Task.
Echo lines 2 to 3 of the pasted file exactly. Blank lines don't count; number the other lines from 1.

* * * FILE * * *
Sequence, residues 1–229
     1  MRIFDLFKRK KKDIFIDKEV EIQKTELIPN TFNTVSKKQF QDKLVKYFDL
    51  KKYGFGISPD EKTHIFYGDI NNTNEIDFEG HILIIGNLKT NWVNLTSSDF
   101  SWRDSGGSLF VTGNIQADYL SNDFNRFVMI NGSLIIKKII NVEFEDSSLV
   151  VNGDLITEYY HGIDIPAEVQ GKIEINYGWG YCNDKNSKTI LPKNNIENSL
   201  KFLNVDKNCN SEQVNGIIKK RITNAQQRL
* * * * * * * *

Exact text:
     1  MRIFDLFKRK KKDIFIDKEV EIQKTELIPN TFNTVSKKQF QDKLVKYFDL
    51  KKYGFGISPD EKTHIFYGDI NNTNEIDFEG HILIIGNLKT NWVNLTSSDF